When we asked Dr. Melinda Sothern about new studies linking fatty foods to brain damage, she indicated there is a lot of truth to these studies. She said adults and children alike should be aware of what this means, and provided best practices (beyond avoiding fatty foods) to avoid unwanted changes to the brain.
With all the buzz over questions about whether antibiotics fed to animals raised for food cause human antibiotic resistance, it seems apparent that this issue is at the forefront of consumer concerns. As well, we received the questions, “Why are antibiotics fed to livestock inside CAFOs or feedlots? Is this dangerous to humans?” from http://www.fooddialogues.com/. To address the topic, and as a follow up to our previous posts on the subject, we asked experts Dr. Peter Davies and Dr. H. Scott Hurd to respond.
In gathering facts from our food experts, we've come upon some interesting ones that may surprise you.
Should sugar be regulated?
Researchers have been looking at the food safety implications of different hen housing methods, but research is underway in the United States. Researcher Dr. Deana Jones is studying the potential for food safety issues based on hens in different housing systems, and Dr. Jeroen Dewulf, a researcher in Europe, pointed out the vast differences in European egg production compared with United States egg production, and that the European research should be used cautiously to predict food safety in eggs in the U.S.
Wanting understand the issues with school lunches, we went straight to a top U.S. "lunch lady." Joni Davis won a Bronze Award at a White House reception hosted by First Lady, Michelle Obama, as part the USDA’s Healthier U.S. School Challenge. We talked with Joni to get her thoughts on the importance of providing healthful diets for our school children.
When it comes to sodium, Best Food Facts experts agree: we need to pay attention to sodium levels in the foods we eat. To decrease sodium consumption, experts encourage choosing foods closest to their natural state and checking labels for foods with less sodium.
Best Food Facts recently received a reader question from Margie asking, "Why is carrageenan added to so many dairy foods? My daughter is allergic."
To answer the question, we reached out to Dr. Roger Clemens, Adjunct Professor, Pharmacology & Pharmaceutical Sciences, USC School of Pharmacy.
We’ve been seeing some recent articles touting pickle juice as an aid to reduce muscle cramping. And companies are marketing the juice as a sports drink. To determine whether pickle juice packs this kind of a punch, we asked nationally renowned expert on nutrition and fitness Dr. Liz Applegate, Director of Sports Nutrition at the University of California-Davis, to weigh in on the topic.
We noticed a discussion on a social media website asking, “Buying a chicken should be easy; labeling is confusing, what’s the healthiest?” Our food system expert Brenda Roche Wolford, M.S., R.D., University of California, Cooperative Extension, Los Angeles County, answers this question.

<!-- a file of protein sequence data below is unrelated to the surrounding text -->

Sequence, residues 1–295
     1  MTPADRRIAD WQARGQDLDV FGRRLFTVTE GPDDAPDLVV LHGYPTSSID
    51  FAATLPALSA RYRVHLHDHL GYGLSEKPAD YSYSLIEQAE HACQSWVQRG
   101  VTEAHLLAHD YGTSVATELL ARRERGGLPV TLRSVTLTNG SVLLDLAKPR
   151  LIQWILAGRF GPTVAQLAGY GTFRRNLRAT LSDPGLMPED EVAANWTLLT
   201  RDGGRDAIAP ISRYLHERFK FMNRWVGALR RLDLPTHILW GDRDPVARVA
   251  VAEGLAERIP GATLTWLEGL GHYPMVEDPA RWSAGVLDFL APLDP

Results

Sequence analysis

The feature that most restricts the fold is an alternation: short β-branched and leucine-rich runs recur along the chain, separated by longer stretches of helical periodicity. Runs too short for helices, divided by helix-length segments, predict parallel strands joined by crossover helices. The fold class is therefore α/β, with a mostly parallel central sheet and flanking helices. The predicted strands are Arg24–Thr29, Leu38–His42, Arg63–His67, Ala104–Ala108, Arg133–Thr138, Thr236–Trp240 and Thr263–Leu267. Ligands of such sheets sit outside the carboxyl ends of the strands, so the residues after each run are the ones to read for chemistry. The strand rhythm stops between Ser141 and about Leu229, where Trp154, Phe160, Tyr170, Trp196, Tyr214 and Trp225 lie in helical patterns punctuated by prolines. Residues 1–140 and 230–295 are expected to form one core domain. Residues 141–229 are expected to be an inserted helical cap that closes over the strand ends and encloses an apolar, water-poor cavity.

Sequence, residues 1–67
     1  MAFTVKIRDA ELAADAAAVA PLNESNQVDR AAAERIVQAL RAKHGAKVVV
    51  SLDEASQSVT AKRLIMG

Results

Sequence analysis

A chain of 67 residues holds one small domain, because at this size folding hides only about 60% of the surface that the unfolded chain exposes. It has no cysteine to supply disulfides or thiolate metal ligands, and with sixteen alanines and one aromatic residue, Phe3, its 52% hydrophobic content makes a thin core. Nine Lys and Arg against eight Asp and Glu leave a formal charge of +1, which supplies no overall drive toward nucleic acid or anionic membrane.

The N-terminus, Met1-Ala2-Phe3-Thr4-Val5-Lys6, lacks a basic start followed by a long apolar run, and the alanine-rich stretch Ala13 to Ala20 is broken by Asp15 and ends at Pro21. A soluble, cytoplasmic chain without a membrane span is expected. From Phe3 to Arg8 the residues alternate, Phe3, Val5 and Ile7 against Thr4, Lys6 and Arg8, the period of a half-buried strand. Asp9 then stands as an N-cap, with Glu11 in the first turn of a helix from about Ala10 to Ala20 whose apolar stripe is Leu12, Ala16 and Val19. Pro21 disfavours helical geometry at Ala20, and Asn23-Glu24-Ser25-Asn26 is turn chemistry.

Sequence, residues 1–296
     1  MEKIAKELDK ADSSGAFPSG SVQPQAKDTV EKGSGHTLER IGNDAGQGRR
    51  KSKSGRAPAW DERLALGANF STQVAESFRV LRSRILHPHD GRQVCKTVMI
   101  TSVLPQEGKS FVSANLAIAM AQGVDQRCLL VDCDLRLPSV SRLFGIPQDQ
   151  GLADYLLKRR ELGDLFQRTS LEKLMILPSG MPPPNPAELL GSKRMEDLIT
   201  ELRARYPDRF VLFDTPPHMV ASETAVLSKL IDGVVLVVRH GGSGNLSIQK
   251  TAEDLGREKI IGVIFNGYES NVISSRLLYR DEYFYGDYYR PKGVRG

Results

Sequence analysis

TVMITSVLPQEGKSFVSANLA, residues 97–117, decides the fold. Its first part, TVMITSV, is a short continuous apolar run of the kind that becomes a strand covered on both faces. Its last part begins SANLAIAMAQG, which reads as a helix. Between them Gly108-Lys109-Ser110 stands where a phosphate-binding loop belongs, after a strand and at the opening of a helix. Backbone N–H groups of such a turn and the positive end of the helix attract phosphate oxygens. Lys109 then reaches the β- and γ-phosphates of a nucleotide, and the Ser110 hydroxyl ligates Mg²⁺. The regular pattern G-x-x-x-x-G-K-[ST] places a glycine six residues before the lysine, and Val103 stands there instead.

In the U.S., we are privileged to have so many food choices. When buying grocerries, we can choose from products labeled as natural, organic and free-range, among others. But what do all of those labels really mean? Best Food Facts searched out definitions for a few labels from the USDA, which regulates meat, poultry and processed egg products. For simplification, we have bolded the main takeaways in the definitions, but have kept the full definition available in case you would like more specific information.
A Best Food Facts website reader tells us she NEVER eats food from cans (except beans and stewed tomatoes), because she believes "anything canned or processed is bad for you... and besides, canned food tastes horrible." An expert says there’s not a single best choice, but rather, multiple options for a healthy diet year round.
In the post, Hormones in Milk: Are They Causing Early Puberty in Girls, we wondered, what is causing early maturity in girls? Based on what Dr. Ann Macrina indicated, it could be any of several factors.
One of our readers, Dan, asked for clarification from Dr. Macrina: "Dr. Macrina indicated it could be any of several factors – better nourishment, higher body weight and some even suggest exposure to chemicals. Does Dr. Macrina mean chemicals like pesticides and herbicides?"
Food has gotten more and more expensive over the last several years and protein sources seem to be some of the fastest increasing items. Even one of the most affordable protein sources – eggs – has seen an increase in price. Along with the general increases across the board, there’s plenty of chatter regarding the price differences for eggs produced in different types of housing systems.
Some people are perpetually adding salt to their dishes, while others prefer to use other spices to enhance flavors. Do you think the government should get involved?